As part of this governance strategy, certain columnists come to be seen as political proxies, with Brooks, on the center-right, viewed as a stand-in for independent voters open to persuasion from Obama, and Brooks’s Times colleague, Paul Krugman, on the liberal end of the spectrum, seen as the embodiment of a restive Democratic base.

Today’s columnists, as ever, frankly treasure their presidential access. “To me, the big temptation is, if you’re tough in your columns, they won’t invite you over any more,” Brooks said. He added, though, that Obama had not displayed a punitive streak: “I don’t think it’s necessary to soften what you think.”

Indeed, the president has a reputation for straightforward, wide-ranging dealings with the pundits. He typically meets them in off-the-record sessions with either one particular columnist or about a half dozen at a time. He’s not known as a leaker, willing to drop some juicy bit of inside, not yet public, information. “In many ways, he thinks like a columnist,” with an interest “in what ideas are hitting” in the political culture, Brooks said.

“They’ve been pretty philosophical discussions—not on the news of the day,” Jonathan Alter, an ex-Newsweek columnist now with Bloomberg and an MSNBC analyst, said of his off-record talks. One, held in the Roosevelt Room in the summer of 2010, focused on education policy and was also attended by Brooks and Joe Klein of Time among others.

Alter also pointed to a difference in style between the respective approaches to the pundits of Obama and Bill Clinton, also a Democrat but a very different kind of cat in dealings with journalists. “He doesn’t really kiss our ass, and I respect him for that,” Alter said of Obama. Clinton, even though he seemed at heart to despise the press, sometimes flattered the pundits—“He’s just a seducer in every part of his life,” Alter noted.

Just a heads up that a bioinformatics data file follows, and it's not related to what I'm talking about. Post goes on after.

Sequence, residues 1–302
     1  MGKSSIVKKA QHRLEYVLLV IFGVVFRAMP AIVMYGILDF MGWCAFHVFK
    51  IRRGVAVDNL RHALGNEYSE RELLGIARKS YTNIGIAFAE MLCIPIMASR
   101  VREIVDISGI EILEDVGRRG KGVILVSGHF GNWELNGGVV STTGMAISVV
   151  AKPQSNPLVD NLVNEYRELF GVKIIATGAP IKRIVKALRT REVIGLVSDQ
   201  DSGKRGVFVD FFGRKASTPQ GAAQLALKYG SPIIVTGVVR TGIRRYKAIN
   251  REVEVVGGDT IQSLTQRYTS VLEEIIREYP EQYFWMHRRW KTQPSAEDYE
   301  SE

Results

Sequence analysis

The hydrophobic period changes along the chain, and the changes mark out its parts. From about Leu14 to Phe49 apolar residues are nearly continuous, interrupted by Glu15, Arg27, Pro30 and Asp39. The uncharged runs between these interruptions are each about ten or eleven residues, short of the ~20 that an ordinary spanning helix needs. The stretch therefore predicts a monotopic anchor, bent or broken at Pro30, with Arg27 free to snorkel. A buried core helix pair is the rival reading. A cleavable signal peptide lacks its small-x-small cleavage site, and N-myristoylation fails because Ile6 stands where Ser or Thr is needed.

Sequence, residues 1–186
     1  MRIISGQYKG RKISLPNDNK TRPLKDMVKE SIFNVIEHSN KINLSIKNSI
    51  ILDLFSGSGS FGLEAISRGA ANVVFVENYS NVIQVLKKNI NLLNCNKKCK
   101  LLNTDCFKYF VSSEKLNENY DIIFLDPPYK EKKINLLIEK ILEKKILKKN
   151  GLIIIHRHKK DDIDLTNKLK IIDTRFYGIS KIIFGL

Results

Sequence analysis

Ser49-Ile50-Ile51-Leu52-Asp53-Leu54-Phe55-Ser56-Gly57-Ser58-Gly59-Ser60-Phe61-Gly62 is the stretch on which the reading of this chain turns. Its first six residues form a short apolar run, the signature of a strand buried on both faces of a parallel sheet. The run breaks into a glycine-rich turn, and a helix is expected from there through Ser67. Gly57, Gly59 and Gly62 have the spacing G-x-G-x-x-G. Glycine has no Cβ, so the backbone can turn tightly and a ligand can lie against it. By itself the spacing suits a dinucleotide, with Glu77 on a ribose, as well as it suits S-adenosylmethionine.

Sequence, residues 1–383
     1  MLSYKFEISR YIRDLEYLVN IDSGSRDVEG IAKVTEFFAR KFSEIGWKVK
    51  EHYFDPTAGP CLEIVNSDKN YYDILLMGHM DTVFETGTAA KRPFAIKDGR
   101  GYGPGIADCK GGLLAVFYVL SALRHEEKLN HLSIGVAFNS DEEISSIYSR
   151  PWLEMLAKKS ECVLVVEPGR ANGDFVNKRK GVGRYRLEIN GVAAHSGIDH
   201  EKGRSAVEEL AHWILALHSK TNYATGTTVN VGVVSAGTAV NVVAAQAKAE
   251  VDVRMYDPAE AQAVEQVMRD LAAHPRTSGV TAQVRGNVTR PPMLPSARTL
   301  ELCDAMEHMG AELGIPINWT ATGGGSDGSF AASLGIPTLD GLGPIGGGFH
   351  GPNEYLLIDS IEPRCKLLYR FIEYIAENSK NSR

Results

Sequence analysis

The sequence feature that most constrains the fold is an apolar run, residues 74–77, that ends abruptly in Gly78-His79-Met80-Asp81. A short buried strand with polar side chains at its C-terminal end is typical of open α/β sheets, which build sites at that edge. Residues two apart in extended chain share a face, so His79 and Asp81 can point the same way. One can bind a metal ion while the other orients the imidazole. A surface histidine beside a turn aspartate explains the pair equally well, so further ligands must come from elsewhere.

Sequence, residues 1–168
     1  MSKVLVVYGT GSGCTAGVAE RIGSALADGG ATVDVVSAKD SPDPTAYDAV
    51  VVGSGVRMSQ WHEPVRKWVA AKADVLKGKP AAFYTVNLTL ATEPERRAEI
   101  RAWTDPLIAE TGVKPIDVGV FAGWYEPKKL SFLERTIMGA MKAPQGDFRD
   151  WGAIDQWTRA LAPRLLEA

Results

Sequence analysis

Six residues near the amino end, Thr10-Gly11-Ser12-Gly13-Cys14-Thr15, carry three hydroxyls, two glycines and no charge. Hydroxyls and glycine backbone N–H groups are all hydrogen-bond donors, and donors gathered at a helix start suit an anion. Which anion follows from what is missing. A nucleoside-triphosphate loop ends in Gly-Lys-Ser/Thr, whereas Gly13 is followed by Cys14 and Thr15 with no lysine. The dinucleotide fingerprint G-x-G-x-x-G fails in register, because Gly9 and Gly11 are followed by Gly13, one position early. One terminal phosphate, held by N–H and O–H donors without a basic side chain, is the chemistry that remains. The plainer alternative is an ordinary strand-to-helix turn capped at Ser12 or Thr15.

But while Obama may be a soft or even an indifferent seller, he had by his side in his first two years in office a salesman extraordinaire—his irrepressible chief of staff, Rahm Emanuel. Now Chicago’s mayor, he was a legend among the pundits for a morning to midnight full-court press (usually pushing column ideas) via the telephone, e-mail, and face-to-face talk-fests. During the health care debate, for example, Emanuel pounded home the notion that the lack of a public option shouldn’t be a litmus test for whether any final piece of legislation truly was progressive or not. (His successor, William Daley, is more apt to leave such outreach to others in the White House.)

At the same time, this administration, just like its predecessors, shamelessly uses every perk at its disposal to win pundits’ favor. Take state dinner invitations, the most treasured party pass in Washington. The scorecard is running at two invites for Thomas Friedman of The New York Times (India and China affairs), and one each for Zakaria (India), Dionne (Germany), David Ignatius of The Washington Post (China), Nicholas Kristof of The New York Times (China), and James Fallows of The Atlantic (China). At the reception line, the pundit is typically introduced by the president to the state leader guest of honor as one of America’s most important journalists. Picture the pundit’s spouse beaming with pride.